Coventry is not only a city of spires – it is a city of surprises. In no other town in the kingdom is the juxtaposition of the old and the new so marked as in this corner of Shakespeare’s county. …A stone’s throw from a mediaeval hospice rises a cycle manufactory – in fact, the pioneer factory of the industry.
…As a manufacturing company, it came into existence as far back as 1830, when it started the making of sewing machines for the laudable purpose of giving employment to the large number of poverty-stricken creatures who were thrown out in consequence of the decline in the silk trade. In turn, the Machinists’ Company itself suffered from the fierce competition of the United States, supplemented by the opposition of rival firms in Scotland and England. Then it was that the company began to build velocipedes of the ‘bone-shaker’ pattern, soon to be replaced by the ‘spider wheel’ and the rubber tyre…
– ‘The Illustrated London News’, 15 August, 1896
The Coventry Machinists’ Co, started by Josiah Turner and James Starley in 1869, was the first British bicycle manufacturer, and the founders of many well-known cycle companies started their careers working there.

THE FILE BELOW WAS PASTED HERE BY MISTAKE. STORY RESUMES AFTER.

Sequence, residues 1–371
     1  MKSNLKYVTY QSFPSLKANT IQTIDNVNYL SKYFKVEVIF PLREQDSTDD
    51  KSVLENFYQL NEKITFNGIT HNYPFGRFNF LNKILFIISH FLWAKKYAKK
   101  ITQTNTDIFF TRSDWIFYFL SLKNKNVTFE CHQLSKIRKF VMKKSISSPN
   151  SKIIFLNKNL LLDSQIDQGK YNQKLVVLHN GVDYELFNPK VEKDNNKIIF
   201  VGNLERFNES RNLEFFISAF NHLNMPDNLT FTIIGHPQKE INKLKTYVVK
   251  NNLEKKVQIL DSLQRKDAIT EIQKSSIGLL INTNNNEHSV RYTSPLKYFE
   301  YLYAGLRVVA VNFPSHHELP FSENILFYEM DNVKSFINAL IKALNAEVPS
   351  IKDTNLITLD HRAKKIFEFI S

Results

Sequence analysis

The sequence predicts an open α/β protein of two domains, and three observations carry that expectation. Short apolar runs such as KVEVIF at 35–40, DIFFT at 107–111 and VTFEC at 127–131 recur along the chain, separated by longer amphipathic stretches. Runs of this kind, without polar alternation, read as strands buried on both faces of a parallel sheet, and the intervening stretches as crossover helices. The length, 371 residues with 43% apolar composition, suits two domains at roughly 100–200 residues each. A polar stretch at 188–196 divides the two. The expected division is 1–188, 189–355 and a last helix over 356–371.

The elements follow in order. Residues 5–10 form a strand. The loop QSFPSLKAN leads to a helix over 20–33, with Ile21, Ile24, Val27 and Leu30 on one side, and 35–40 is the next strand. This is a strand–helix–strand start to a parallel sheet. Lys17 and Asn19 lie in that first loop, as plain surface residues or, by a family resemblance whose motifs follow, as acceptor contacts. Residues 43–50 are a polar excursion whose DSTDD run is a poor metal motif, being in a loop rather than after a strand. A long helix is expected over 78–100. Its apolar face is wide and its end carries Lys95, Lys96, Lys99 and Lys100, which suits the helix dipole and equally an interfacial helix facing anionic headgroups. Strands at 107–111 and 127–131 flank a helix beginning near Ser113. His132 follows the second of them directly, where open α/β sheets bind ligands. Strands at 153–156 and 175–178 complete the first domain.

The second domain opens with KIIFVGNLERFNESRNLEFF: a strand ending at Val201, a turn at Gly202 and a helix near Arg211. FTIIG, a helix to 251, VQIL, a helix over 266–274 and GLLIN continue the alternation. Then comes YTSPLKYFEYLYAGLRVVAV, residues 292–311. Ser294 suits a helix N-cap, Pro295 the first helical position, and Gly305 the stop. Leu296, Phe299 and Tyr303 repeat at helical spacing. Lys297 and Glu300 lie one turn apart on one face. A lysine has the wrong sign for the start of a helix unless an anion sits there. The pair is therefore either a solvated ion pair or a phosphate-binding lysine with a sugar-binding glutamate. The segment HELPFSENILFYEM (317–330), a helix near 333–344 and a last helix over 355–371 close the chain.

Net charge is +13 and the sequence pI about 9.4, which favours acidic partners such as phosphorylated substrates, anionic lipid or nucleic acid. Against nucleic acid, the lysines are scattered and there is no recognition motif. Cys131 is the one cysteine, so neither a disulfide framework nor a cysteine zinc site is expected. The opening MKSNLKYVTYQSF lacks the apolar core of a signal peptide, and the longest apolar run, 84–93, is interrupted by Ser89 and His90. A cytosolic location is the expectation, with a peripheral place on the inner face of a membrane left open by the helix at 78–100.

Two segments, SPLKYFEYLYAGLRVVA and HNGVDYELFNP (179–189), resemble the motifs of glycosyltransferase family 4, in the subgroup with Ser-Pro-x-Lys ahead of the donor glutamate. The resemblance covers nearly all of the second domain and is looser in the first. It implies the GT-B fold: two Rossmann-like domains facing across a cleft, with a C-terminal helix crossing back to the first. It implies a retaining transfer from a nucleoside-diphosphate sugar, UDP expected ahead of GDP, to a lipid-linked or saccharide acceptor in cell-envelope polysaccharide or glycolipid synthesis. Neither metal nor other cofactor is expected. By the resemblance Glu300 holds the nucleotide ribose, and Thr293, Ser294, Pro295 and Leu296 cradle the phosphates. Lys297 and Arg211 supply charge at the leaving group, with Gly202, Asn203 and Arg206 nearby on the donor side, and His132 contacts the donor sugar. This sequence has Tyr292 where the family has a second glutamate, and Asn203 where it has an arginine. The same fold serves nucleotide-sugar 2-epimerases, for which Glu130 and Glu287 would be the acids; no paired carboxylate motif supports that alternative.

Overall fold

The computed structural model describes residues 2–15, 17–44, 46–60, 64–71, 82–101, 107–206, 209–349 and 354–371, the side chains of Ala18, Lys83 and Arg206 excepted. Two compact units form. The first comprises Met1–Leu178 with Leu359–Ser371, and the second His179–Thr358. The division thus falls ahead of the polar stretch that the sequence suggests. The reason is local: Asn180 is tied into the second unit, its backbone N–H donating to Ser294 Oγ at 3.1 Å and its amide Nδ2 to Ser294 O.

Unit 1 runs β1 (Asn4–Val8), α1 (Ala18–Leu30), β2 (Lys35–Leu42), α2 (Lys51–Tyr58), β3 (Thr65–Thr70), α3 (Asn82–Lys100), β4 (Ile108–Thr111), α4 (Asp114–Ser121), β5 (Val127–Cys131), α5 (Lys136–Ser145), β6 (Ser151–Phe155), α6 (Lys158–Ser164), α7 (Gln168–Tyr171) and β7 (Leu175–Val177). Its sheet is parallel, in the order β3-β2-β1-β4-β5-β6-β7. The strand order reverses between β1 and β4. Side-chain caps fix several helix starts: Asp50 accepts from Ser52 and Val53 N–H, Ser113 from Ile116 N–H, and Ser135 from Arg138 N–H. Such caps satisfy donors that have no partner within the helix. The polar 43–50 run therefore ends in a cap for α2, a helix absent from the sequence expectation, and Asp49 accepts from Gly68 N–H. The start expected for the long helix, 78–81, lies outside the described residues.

They were respected for the quality of their bicycles, which stood out as a result of various innovative features, such as the unique front foot-rest design. The company owned many cycle patents. This model is interesting because it retains a rear brake and rear step (via which the rider mounts the machine, see below), that would not be out of place on an 1869 velocipede. It also has plain bearings in the front axle, as would be found on ‘boneshakers’. With out-of-date features such as these, it could be considered a ‘transitional’ model. With this historic significance, it would make a good museum exhibit.
It was restored by a specialist cycle builder, who refabricated various parts to their original pattern. I’m impressed by his attention to detail. It’s unusual to find an early ordinary this large: according to Coventry Machinists’ 1876 catalogue, a 54″ wheel would be suitable for a rider whose inseam measures 36″, so he would probably be around 6′ 4″ tall. The Gentleman’s Roadster is ready to ride.
1876 Coventry Machinists’ Gentleman’s Roadster
54″ Front wheel
Frame no 7297
1876 COVENTRY MACHINISTS’ Co CATALOGUE EXTRACTS
1877 COVENTRY MACHINISTS’ Co CATALOGUE EXTRACTS
1877 COVENTRY MACHINISTS’ Co ADVERTISEMENT
COVENTRY MACHINISTS’ Co: The First British Cycle Manufacturer